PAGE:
Anyway, no problem, I could catch the next SF train, as long as there wasn't a long wait or a long transfer, I could still make it to Berkeley in plenty of time. So I got on the next train, which showed up 20 minutes later (so now I have exactly 10 minutes to walk up from the BART to the PFA, if everything runs on schedule). So the train craaaaawls through the first couple of stations, and finally gets to the transfer point at Bay Fair. There I get off, and I can see another train waiting for the station, just behind us. Must be the Richmond train, I'm still in good shape. I was right, it was the Richmond train I saw. But it waited there at 2 more San Francisco trains passed through! Are you fucking kidding me?! I eventually had to run as fast as I could from the BART to the PFA, and was still 20 minutes late. To the people running BART--and for that matter, all people working in public transit: The reason people don't use public transit is because they have places they're trying to get to and you are completely fucking unreliable!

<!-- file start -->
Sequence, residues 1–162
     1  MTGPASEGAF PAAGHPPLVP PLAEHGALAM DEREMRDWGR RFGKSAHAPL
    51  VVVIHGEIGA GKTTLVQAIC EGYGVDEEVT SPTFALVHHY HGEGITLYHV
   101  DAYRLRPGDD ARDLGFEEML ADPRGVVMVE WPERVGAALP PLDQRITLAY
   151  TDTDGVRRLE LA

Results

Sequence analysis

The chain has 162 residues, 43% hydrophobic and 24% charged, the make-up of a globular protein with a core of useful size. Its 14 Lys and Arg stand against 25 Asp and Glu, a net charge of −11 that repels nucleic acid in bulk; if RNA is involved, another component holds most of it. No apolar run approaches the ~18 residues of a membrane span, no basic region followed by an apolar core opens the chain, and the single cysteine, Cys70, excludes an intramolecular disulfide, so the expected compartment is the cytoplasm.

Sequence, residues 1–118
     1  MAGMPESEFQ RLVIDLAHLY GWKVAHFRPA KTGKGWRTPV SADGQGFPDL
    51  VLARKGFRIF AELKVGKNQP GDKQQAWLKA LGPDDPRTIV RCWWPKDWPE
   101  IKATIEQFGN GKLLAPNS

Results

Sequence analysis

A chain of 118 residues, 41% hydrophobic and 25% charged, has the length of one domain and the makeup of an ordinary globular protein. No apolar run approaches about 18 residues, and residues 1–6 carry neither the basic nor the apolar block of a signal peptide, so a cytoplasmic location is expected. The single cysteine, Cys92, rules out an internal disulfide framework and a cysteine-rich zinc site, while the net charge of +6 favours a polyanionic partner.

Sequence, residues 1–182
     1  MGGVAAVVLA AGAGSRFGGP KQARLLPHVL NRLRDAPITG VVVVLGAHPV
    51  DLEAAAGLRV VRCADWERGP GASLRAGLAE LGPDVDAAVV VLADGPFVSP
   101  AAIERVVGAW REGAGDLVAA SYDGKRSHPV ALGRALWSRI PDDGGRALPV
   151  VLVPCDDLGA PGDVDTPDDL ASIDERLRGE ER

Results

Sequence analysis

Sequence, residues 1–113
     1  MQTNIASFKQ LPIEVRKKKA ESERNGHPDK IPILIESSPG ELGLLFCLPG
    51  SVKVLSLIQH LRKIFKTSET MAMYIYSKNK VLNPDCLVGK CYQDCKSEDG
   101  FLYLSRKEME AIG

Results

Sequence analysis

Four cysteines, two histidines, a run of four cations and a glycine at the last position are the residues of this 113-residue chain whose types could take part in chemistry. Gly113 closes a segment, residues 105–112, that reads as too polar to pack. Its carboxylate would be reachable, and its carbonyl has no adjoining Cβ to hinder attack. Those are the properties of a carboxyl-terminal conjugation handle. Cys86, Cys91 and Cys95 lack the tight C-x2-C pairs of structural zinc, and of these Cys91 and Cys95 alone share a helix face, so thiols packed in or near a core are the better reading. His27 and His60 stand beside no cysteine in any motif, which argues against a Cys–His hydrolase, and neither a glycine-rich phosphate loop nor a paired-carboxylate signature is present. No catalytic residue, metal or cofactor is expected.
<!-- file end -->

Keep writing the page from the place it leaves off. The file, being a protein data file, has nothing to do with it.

Incidentally, when I got home late that night, I saw there were fliers in the Fremont BART station explaining that there was an electrical fire a couple of weeks ago between Fremont and Hayward, and so at certain times some lines might not run. As a result, you should add about 10 minutes to your expected trip time. 10 minutes? It took me over an hour and a half to take a 45 minute trip.